MALAYSIA TO BE STANDARD-SETTER
First establishment outside Spain will serve as template for others, says its chairman
MALAYSIA will set the standards for other upcoming International Organisation of Securities Commissions’ (IOSCO) regional hubs, following the establishment of the Asia Pacific (APAC) hub at the Securities Commission building here.
“It is important that we have a hub in the major regions that IOSCO covers, because one will be able to become more relevant in these regions, understand it better and configure it with the rest of network while ensuring the needs of the region is addressed,” said IOSCO chairman Ashley Adler in a briefing with selected media yesterday.
Alder said Malaysia was an ideal location for the hub because of multiple reasons, including its highlydeveloped capital markets, status as an emerging market (EM), committed regulators with an international view and strategic geographical location within Asia.
“If you have regulations that are implemented usually in an EM, it is extremely hard to connect those regulations to those from the developed markets because there is a disparity of standards,” he said.
“However, if you are able to narrow the gap, you will enter a world where capital will flow more freely across borders, and that is important, as the vast amount of Asian savings is being used to invest in assets in the West instead of Asia, even though there is a need for Asian savings to be deployed in Asia for regional growth.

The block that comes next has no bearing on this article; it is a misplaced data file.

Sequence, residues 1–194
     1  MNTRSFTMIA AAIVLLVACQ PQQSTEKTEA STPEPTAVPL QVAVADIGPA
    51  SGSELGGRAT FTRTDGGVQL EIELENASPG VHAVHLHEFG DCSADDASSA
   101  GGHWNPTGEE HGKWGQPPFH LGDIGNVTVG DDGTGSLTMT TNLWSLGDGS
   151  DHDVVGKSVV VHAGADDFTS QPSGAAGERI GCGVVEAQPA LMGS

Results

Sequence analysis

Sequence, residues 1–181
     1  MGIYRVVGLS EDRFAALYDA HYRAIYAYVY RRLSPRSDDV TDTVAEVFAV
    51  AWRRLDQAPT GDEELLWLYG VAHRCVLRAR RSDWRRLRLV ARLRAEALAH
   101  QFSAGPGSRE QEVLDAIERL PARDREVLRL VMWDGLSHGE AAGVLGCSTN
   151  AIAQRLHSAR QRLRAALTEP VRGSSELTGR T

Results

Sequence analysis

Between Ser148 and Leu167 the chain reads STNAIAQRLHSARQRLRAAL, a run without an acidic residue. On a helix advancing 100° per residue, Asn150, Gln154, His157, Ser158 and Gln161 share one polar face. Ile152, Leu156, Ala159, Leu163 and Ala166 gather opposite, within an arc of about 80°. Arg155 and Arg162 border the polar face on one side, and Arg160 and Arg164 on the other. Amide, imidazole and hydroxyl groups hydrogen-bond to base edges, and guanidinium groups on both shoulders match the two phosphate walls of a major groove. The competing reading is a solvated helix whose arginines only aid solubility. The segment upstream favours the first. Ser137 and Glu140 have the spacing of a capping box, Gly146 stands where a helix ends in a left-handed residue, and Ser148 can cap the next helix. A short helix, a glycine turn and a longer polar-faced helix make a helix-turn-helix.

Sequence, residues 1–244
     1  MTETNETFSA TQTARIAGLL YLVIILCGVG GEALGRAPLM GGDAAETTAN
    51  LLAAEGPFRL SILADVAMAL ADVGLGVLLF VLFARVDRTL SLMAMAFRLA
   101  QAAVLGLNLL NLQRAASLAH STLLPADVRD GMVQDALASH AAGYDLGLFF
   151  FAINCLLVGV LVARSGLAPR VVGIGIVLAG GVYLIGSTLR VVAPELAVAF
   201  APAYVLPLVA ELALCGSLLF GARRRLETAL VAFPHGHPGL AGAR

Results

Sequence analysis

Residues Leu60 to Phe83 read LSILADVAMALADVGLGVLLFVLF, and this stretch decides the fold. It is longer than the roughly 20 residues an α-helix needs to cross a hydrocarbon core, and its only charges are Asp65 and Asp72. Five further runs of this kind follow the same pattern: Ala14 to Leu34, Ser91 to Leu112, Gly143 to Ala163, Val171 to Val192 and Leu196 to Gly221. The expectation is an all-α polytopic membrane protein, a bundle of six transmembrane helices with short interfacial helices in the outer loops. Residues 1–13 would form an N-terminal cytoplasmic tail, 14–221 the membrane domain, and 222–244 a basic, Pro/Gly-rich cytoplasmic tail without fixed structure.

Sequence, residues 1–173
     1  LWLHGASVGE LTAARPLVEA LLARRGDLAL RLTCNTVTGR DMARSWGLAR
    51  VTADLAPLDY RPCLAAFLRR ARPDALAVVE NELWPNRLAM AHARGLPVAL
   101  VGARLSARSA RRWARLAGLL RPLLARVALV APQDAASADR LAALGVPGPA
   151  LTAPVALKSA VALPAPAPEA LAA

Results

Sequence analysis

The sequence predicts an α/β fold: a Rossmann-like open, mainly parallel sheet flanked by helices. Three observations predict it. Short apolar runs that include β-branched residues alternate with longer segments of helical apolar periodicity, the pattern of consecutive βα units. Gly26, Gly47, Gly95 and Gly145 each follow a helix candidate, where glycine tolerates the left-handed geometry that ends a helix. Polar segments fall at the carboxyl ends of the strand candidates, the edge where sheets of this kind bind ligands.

“Asian savings can then be deployed more productively once you start cooperating around the region. This will ensure smoother flows and addresses the infrastructure gap, which is the most important issue as far as we are concerned.”
The IOSCO APAC hub here, he said, would be able to help iron out this issue, but only over the medium to long term, as infrastructure typically takes a long time to mature.
He said a hub within the region was even more significant because of broadly undeveloped capital markets.
“Malaysia has a highly-developed capital market, so add in a committed regulator with an international view and geographical position that is ideally placed for people to come into the hub in order to work with the hub with capacity building across Asia, would enable Asian capital markets to allocate its vast savings to Asian infrastructure and avenues, which will then become more compelling,” he said.
“It could be based in one of a number of places across Asia, but it is apparent that there is enthusiasm and commitment in Malaysia, which is great.”
He said infrastructure spending was extremely long-term, and this was one of the reasons why investors found it so difficult to fund, as there was too much uncertainty.
“However, most institutional investors, particularly pension funds, have to think long-term, as they have long-term reliabilities. This is where the IOSCO APAC hub can help.”
Going forward, Alder said it was only logical to set up more hubs in different parts of the world, like the Middle East and Africa, as well as the Americas.
“But Malaysia will definitely set the standards for these other hubs to come as it is our first hub outside of our headquarters in Spain.”
Established in 1983, IOSCO develops and promotes the implementation of global standards for capital market regulations.
Its members from 115 jurisdictions collectively regulate more than 95 per cent of markets worldwide, which totals some US$140 trillion (RM622.9 trillion).
International Organisation of Securities Commissions’ Asia Pacific hub, located in the Securities Commission building in Kuala Lumpur, was officiated by Prime Minister Datuk Seri Najib Razak in conjunction with the Global Emerging Markets Regulatory Conference yesterday.